This is a really large amount of dough, so I decided to cut it in half and I felt that from looking at the dough and feeling it, it needed some hand kneading so I took one piece at a time and gave it a quick knead to just really work it together and make sure it was smooth. The one on the right has been kneaded for about 2 minutes – it’s not totally smooth like a regular bread dough, but it will be soon.
You might also notice that high gluten flour feels so much different when you knead it than regular all purpose flour. You can literally feel the pull of the gluten in your hands. The elastic is so much stronger and tougher to knead through.
Once they were both kneaded, I took my dough cutter and started to chop out even pieces. 6 from each dough ball.
Once in half and then three small pieces from each half….here’s the first 6….
and then all 12….
In the meantime, Judah helped me spread the cornmeal over a large sheet pan. So you should use cornmeal, but when I went to find it, I found I didn’t have it! I was too far along to stop so I had to come up with another plan. Millet, which is what this is, is something I add to multigrain breads I make. It was a random choice, but I tried it, because that’s what I had. And you know what? It worked. This is just a long winded lesson in showing you that it’s ok to substitute small things like this sometimes. But really, don’t be like me. The purpose of this is only to ensure the dough doesn’t end up sticking to the pan. It won’t affect the bagels in any way. Phew.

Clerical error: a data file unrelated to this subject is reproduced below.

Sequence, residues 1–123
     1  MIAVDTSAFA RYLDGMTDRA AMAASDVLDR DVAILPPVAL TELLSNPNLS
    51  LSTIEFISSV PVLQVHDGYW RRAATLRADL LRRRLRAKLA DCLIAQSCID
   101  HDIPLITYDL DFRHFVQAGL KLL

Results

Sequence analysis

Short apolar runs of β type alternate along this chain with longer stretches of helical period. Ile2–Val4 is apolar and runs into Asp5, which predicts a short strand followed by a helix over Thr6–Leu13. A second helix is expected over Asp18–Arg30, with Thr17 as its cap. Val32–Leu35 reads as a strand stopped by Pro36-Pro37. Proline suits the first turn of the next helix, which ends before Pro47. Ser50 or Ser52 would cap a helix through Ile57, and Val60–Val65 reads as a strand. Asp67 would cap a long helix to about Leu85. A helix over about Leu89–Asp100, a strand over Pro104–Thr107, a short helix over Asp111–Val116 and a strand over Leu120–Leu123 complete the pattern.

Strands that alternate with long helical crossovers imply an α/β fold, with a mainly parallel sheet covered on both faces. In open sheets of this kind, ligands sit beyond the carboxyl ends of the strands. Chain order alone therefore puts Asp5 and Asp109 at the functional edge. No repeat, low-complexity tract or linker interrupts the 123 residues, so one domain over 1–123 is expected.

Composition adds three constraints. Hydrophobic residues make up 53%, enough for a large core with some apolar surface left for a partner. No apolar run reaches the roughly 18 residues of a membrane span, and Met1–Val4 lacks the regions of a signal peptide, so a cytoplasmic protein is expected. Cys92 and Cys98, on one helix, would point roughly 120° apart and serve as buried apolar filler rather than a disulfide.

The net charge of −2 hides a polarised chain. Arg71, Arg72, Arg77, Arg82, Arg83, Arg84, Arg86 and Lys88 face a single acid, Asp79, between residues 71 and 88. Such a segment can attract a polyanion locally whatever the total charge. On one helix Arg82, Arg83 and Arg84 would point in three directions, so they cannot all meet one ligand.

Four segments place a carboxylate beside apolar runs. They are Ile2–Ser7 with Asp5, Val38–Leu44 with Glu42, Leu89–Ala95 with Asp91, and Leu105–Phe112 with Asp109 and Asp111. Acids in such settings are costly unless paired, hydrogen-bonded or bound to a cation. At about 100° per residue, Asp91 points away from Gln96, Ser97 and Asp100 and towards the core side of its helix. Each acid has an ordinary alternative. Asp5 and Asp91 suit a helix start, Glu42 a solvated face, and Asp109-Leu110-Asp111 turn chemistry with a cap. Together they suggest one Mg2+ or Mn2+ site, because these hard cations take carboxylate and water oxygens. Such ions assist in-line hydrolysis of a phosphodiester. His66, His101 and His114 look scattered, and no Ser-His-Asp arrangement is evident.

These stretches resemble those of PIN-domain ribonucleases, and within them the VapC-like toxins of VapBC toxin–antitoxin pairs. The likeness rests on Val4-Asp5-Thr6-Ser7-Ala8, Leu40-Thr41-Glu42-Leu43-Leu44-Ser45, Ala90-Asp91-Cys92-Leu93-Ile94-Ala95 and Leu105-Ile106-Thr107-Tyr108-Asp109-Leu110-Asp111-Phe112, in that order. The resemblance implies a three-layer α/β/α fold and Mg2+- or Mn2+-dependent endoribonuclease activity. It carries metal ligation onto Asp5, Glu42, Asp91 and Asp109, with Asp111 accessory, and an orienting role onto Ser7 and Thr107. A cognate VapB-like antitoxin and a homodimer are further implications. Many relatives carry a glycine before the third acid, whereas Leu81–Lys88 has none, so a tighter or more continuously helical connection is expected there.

Then you want to take your small dough rounds and begin to roll them out with your hand, back and forth into a sort of log shape. This is also going to smooth out your dough further and make it nice and smooth.
Each piece ends up being about 6 or 7 inches long. It should be quite thick still.